such as teachers. steward. Likewise. Interaction between the two is practically non-existent. in the African context. Even in an increasingly difficult job-market. findings and skills to the community. learners and parents are enthusiastic. the economy cannot absorb skills learned at school.administrators. Holly and Southworth (1989) also agree that change that bubbles up from the grassroots has staying power. 1985: 460). Dove observes that it is difficult to adapt the school to local needs because of the misidentification of the needs of the community. However. Another concept of school community is that which considers the school as an ideal community where the school contributes its knowledge. it enhances a respect for their autonomy with regard to classroom practice and reinforces their professional identify (Macdonald and Walker. the school and community are said to be separated by a wall. Obanya (1999: 37 . they continued to send their children to school because of the very high value they had come to place on occupational status. incapacity of the school to reach rural skills effectively or lack of opportunities in the community. However. The school plays an active role. studies else where in developing countries show that rural communities tend to ignore the school if it does not cater for felt needs or cannot be absorbed into its culture (Dove. 1976 in Slater. For example. Some kind of force is employed by the government to make sure that parents send their children to school. architect. Studies of rural community (Dove. and the community is passive and receptive. coach. This means if the people on the ground. and students must share leadership functions. the Masai in Tanzania and other nomadic tribes do not value schooling. occupational status and land ownership. and strategic teacher. In this connection the skills and attitudes of the teachers influence the process of change negatively or positively. It is also argued that the mass of teachers are most likely to embrace a change if. instructional leader. 1986). even at present there are disparities in educational opportunities and not all societies put high value on schooling. Community participation: In traditional thinking. sustainable change will take place. Thus. 1986) show how villagers enthusiastically sent their children to school once they observed that success in the school could lead to high income. among other things. the head teacher’s role must change from that of a top-down supervisor to facilitator.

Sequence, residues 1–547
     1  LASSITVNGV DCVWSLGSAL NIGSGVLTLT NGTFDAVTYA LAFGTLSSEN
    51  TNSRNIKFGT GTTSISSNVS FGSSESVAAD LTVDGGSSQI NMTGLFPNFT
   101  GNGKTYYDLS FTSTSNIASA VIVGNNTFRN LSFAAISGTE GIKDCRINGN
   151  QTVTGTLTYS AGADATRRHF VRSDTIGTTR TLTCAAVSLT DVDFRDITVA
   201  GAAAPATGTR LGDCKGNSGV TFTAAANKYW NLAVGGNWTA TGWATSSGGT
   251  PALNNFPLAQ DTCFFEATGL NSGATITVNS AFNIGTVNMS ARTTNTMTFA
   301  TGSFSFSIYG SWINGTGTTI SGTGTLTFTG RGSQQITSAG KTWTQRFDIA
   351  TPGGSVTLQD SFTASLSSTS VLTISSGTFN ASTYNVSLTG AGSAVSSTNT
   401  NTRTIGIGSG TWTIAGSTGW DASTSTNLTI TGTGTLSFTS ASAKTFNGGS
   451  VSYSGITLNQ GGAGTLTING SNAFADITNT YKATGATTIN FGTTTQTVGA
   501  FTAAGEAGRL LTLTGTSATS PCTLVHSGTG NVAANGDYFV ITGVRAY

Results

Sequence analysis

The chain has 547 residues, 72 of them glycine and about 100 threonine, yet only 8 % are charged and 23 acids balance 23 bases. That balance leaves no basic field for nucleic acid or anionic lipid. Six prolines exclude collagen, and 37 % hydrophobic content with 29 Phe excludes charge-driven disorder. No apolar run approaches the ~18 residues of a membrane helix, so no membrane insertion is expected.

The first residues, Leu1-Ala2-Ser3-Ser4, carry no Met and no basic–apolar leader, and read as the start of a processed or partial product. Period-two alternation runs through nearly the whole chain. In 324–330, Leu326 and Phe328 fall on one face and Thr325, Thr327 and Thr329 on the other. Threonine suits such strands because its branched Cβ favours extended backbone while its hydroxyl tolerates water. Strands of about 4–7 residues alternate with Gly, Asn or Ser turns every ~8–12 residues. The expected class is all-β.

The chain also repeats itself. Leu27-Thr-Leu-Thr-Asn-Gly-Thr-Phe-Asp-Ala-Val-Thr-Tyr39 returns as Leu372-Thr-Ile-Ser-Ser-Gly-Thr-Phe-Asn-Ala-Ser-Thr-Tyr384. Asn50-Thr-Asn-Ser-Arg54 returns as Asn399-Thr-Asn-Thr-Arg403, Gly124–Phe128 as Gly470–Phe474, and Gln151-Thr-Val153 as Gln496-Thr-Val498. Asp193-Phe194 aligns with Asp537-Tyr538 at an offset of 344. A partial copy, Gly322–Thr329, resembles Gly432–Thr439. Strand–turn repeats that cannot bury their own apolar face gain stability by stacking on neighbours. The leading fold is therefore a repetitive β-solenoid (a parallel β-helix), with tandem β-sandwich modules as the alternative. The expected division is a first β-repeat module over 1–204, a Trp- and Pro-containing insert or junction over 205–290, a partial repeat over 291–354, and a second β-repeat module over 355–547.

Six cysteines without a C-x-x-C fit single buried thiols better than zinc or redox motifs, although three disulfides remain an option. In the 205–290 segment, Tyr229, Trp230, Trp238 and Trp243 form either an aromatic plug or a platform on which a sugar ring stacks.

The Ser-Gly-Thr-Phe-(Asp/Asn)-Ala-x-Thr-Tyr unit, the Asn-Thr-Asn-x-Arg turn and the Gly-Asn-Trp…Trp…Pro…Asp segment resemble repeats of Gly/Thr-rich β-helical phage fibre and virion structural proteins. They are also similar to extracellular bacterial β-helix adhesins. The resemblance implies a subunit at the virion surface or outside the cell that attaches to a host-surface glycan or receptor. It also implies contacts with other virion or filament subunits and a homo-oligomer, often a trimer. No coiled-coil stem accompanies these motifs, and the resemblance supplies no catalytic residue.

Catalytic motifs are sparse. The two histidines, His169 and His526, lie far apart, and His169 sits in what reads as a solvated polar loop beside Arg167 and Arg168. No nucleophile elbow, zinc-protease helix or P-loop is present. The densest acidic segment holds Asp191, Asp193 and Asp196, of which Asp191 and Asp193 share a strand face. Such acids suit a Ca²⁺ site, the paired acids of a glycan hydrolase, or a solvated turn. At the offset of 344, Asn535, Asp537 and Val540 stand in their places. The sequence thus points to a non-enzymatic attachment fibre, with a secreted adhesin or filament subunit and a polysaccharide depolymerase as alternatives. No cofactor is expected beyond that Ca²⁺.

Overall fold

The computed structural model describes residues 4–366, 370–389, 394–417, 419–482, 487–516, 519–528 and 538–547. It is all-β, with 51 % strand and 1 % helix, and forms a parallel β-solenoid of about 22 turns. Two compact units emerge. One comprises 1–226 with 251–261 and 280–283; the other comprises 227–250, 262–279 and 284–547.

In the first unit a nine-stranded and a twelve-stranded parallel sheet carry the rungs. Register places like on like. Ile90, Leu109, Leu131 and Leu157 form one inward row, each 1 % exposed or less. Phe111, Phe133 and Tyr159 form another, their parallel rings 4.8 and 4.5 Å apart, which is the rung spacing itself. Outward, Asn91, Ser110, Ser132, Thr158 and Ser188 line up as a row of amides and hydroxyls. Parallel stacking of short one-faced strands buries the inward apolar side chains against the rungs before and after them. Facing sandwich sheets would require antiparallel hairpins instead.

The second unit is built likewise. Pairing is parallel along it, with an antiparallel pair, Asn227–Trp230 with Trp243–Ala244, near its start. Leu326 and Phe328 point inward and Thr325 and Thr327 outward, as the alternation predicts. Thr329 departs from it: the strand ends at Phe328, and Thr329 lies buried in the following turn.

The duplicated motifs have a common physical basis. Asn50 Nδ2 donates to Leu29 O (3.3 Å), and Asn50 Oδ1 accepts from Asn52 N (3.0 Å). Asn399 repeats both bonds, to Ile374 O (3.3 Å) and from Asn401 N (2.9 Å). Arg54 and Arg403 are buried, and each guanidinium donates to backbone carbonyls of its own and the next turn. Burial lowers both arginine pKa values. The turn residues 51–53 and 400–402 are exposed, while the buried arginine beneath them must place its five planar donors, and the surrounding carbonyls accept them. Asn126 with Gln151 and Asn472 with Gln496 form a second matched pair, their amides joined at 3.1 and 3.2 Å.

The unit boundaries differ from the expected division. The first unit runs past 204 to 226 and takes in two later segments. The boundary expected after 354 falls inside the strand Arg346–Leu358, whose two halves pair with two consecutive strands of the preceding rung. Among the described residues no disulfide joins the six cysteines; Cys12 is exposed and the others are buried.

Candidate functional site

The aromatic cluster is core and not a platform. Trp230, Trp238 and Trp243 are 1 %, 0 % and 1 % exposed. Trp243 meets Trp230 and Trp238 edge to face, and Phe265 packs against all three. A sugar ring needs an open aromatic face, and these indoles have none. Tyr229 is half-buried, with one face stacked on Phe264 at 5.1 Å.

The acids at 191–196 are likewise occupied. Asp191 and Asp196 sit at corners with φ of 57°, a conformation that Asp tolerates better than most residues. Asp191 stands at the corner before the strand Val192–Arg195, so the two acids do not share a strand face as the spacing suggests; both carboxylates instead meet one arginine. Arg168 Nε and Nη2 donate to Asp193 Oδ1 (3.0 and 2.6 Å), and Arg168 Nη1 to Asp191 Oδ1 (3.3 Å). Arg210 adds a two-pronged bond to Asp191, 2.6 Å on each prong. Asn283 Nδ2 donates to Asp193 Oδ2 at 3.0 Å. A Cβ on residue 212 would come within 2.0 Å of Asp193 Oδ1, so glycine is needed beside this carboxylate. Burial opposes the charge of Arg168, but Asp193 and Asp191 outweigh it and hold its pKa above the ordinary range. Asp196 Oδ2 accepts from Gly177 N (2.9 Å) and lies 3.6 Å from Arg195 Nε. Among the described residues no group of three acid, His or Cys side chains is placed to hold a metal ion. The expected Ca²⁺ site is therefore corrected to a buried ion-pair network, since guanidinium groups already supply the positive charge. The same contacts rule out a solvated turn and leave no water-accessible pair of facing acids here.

In other words. for example. However. the community rejects the school by refusing to become its client and refusing to send their children to school. The current practices of management in Tanzania show that there is no sufficiently supportive or meaningful participation of interested parents and community members in planning and managing educational programmes in the community. setting goals and evaluating programmes. If the mission of the school is different from the community and its ideas. This can neutralise the effects of the school if it has nothing new to offer to the community. the changes they brought may have been beneficial to the individual but on the whole they did not enhance the well-being of the communities. whether self-employment or in a job. Consequently. Dove (1986) concludes that the influence of the school in social change is greater when it is promoting knowledge. Tanzania has insisted on Education for Self-Reliance (ESR) in schools. The mechanism which could conceivably be a vehicle for 38 .87) says that employment. or. the school is viewed by the community as offering what they knew already. Ahmed et al (1991) delineated three aspects to community participation in education programmes in developing countries: • • • Participation in the services and activities by those for whom these are intended. if teachers were so poorly trained and lacked a professional background. Skilled work cannot be sold in a situation where very few people can afford to buy them. the community may reject the school. is a function of the state of society’s economy. which attempt to put into practice mutual help and co-operation. Participation in designing. Decisions that are of some significance are generally made away from community at higher levels of the administrative hierarchy. managing. If. the community may reject the school’s influence. skills and products. for instance. Thus. Contributing financially or otherwise to programmes with or without sharing in the benefits but with little say in planning or managing the programmes. skills and values which the community either actively welcomes. at least accepts as part of an inevitably changing way of life. there is evidence that the communities reinforce competitive and elitist values.